We don’t want to waste your time with a lengthy anecdote about this idiom.
Let’s cut to the chase…
We don’t want to waste your time with a lengthy anecdote about this idiom. Let’s cut to the chase…
As defined in Linda and Roger Flavell’s book Dictionary of Idioms and Their Origins, “to cut to the chase” is an idiom that means to get straight to the point of something (page 71).
We don’t have all day… we’ve got bigger fish to fry. Let’s cut to the chase and get this meeting done in five minutes.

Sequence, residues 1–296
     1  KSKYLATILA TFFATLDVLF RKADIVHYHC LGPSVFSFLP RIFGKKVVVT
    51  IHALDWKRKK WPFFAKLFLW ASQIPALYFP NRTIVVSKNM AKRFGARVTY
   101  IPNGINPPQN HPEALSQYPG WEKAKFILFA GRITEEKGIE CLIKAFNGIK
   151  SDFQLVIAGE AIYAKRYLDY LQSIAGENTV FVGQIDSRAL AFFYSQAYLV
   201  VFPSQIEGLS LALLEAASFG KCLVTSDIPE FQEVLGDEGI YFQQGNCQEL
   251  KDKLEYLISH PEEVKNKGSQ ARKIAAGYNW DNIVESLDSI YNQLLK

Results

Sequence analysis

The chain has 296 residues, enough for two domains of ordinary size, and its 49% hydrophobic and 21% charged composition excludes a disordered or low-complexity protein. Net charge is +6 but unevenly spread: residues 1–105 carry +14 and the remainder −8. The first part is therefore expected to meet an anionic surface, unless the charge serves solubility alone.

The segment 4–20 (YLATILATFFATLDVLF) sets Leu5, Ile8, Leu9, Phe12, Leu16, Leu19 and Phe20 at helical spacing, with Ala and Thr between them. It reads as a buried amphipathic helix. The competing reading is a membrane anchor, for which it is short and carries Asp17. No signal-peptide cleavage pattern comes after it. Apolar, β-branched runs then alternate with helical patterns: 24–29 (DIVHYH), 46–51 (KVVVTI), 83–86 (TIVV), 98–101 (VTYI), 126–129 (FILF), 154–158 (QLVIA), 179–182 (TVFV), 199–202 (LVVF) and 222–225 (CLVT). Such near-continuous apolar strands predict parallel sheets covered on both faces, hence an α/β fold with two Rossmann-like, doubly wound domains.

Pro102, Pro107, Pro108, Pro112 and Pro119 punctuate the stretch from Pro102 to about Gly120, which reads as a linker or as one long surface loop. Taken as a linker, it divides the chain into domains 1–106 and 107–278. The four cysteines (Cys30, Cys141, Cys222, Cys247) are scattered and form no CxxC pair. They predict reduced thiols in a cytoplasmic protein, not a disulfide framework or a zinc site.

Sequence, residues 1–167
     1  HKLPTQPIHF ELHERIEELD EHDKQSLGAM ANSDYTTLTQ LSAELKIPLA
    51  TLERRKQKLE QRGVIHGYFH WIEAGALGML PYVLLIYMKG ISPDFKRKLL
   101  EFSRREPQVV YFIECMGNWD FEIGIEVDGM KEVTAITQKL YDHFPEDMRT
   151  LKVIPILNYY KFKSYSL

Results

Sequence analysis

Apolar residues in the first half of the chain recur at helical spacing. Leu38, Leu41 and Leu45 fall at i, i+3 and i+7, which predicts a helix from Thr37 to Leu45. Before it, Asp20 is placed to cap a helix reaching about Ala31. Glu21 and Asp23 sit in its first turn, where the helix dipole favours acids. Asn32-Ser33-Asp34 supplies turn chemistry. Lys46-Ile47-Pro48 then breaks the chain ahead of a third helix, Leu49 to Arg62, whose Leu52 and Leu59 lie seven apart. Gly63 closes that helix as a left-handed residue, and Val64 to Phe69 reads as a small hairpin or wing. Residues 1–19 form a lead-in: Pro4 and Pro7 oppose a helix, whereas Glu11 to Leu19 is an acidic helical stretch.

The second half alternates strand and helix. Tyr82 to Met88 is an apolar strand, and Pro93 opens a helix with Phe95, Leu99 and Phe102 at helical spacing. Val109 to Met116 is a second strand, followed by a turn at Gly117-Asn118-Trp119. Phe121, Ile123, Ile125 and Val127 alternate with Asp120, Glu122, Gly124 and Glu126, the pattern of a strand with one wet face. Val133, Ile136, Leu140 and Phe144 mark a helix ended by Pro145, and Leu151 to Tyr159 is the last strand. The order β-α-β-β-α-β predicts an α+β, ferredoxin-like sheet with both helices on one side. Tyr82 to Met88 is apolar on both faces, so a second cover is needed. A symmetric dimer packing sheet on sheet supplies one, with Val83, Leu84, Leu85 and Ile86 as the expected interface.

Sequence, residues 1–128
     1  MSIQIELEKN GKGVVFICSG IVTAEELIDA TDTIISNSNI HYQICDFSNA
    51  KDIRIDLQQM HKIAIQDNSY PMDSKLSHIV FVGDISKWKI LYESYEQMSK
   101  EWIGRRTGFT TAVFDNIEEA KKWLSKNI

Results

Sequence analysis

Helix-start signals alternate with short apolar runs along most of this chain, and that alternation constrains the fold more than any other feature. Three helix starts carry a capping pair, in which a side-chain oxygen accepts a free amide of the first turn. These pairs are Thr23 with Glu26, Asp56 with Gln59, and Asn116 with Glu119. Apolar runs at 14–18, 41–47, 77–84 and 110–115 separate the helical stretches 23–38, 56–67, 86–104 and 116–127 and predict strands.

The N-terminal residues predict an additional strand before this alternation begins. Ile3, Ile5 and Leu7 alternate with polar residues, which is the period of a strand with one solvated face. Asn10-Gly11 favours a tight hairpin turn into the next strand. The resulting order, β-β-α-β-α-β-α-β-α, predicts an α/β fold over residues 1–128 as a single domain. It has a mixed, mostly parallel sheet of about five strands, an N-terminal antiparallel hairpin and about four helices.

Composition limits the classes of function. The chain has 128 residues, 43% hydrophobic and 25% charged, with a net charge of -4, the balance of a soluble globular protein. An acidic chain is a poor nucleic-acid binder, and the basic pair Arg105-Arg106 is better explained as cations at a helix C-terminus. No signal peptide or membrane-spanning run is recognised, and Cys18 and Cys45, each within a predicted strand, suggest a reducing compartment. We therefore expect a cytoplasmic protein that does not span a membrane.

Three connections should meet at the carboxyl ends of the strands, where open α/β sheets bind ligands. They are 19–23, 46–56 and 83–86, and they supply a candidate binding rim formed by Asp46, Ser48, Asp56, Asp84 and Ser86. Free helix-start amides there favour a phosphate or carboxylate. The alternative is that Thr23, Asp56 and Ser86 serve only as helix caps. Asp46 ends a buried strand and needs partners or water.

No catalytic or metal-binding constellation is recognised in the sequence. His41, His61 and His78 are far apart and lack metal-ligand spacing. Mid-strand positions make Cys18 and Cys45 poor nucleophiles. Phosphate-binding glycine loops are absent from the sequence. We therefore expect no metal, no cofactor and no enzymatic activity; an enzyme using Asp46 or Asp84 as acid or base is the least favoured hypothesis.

The “chase” is the action packed, high-intensity part of a film. It is usually the face-paced part of the movie that everyone is waiting for.
This idiom originated in America in the 1920s as a director’s order to leave the slow-paced, early scenes of the movie and move on to the “chase” (page 71).
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